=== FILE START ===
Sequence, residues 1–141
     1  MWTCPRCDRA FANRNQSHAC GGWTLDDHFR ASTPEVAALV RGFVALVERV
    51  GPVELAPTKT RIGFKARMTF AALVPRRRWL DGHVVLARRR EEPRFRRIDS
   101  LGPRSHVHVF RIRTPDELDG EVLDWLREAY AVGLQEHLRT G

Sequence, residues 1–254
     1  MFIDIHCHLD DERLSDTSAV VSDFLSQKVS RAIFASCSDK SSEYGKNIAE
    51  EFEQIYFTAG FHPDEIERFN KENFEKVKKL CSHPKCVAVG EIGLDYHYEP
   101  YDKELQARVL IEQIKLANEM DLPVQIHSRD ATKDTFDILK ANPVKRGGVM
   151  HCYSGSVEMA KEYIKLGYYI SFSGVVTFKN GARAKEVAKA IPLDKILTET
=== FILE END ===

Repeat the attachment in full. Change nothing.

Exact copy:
Sequence, residues 1–141
     1  MWTCPRCDRA FANRNQSHAC GGWTLDDHFR ASTPEVAALV RGFVALVERV
    51  GPVELAPTKT RIGFKARMTF AALVPRRRWL DGHVVLARRR EEPRFRRIDS
   101  LGPRSHVHVF RIRTPDELDG EVLDWLREAY AVGLQEHLRT G

Sequence, residues 1–254
     1  MFIDIHCHLD DERLSDTSAV VSDFLSQKVS RAIFASCSDK SSEYGKNIAE
    51  EFEQIYFTAG FHPDEIERFN KENFEKVKKL CSHPKCVAVG EIGLDYHYEP
   101  YDKELQARVL IEQIKLANEM DLPVQIHSRD ATKDTFDILK ANPVKRGGVM
   151  HCYSGSVEMA KEYIKLGYYI SFSGVVTFKN GARAKEVAKA IPLDKILTET